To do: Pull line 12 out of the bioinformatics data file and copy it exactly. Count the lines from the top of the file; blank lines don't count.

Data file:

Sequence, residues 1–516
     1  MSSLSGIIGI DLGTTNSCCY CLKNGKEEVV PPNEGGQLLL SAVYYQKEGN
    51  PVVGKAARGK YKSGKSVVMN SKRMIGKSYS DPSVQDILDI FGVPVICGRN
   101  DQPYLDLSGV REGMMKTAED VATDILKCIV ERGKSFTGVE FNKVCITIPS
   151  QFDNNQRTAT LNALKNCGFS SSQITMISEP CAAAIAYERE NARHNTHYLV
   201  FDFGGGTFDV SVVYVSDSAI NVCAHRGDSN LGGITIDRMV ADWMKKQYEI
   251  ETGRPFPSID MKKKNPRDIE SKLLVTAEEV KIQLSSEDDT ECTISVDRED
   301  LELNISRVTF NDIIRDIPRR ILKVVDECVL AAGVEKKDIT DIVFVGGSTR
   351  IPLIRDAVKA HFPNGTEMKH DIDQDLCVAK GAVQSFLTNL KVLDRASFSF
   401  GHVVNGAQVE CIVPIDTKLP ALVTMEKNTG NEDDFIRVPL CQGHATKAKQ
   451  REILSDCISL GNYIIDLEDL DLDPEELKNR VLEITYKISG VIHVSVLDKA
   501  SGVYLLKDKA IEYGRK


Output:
   501  SGVYLLKDKA IEYGRK